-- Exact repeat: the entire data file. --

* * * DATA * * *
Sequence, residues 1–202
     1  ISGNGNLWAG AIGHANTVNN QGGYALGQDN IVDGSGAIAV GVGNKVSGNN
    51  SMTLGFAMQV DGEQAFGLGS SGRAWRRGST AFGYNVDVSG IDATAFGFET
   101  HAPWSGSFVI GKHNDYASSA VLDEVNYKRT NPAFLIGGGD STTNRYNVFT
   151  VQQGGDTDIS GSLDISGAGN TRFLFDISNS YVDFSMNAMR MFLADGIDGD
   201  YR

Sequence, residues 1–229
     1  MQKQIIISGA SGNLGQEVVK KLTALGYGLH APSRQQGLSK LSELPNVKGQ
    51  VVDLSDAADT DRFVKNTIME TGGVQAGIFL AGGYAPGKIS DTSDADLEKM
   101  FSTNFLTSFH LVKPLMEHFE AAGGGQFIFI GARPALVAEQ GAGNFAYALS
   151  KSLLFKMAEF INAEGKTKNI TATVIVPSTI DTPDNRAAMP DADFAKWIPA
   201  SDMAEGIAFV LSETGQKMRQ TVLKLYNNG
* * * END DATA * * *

Sequence, residues 1–202
     1  ISGNGNLWAG AIGHANTVNN QGGYALGQDN IVDGSGAIAV GVGNKVSGNN
    51  SMTLGFAMQV DGEQAFGLGS SGRAWRRGST AFGYNVDVSG IDATAFGFET
   101  HAPWSGSFVI GKHNDYASSA VLDEVNYKRT NPAFLIGGGD STTNRYNVFT
   151  VQQGGDTDIS GSLDISGAGN TRFLFDISNS YVDFSMNAMR MFLADGIDGD
   201  YR

Sequence, residues 1–229
     1  MQKQIIISGA SGNLGQEVVK KLTALGYGLH APSRQQGLSK LSELPNVKGQ
    51  VVDLSDAADT DRFVKNTIME TGGVQAGIFL AGGYAPGKIS DTSDADLEKM
   101  FSTNFLTSFH LVKPLMEHFE AAGGGQFIFI GARPALVAEQ GAGNFAYALS
   151  KSLLFKMAEF INAEGKTKNI TATVIVPSTI DTPDNRAAMP DADFAKWIPA
   201  SDMAEGIAFV LSETGQKMRQ TVLKLYNNG